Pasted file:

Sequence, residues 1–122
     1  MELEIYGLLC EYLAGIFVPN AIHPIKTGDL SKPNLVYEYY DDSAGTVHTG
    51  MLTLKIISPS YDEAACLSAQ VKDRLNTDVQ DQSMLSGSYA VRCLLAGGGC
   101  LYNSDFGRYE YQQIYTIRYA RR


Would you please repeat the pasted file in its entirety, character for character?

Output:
Sequence, residues 1–122
     1  MELEIYGLLC EYLAGIFVPN AIHPIKTGDL SKPNLVYEYY DDSAGTVHTG
    51  MLTLKIISPS YDEAACLSAQ VKDRLNTDVQ DQSMLSGSYA VRCLLAGGGC
   101  LYNSDFGRYE YQQIYTIRYA RR